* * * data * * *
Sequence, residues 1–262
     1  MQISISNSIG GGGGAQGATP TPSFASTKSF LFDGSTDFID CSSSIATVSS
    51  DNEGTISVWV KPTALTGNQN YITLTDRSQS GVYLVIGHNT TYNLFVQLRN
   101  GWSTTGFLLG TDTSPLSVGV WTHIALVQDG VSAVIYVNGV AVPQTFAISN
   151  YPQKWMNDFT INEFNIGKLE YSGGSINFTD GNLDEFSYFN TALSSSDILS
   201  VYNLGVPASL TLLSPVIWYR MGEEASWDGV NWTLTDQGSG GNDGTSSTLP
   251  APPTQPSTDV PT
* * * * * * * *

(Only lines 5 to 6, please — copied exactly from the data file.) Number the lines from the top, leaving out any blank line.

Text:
   151  YPQKWMNDFT INEFNIGKLE YSGGSINFTD GNLDEFSYFN TALSSSDILS
   201  VYNLGVPASL TLLSPVIWYR MGEEASWDGV NWTLTDQGSG GNDGTSSTLP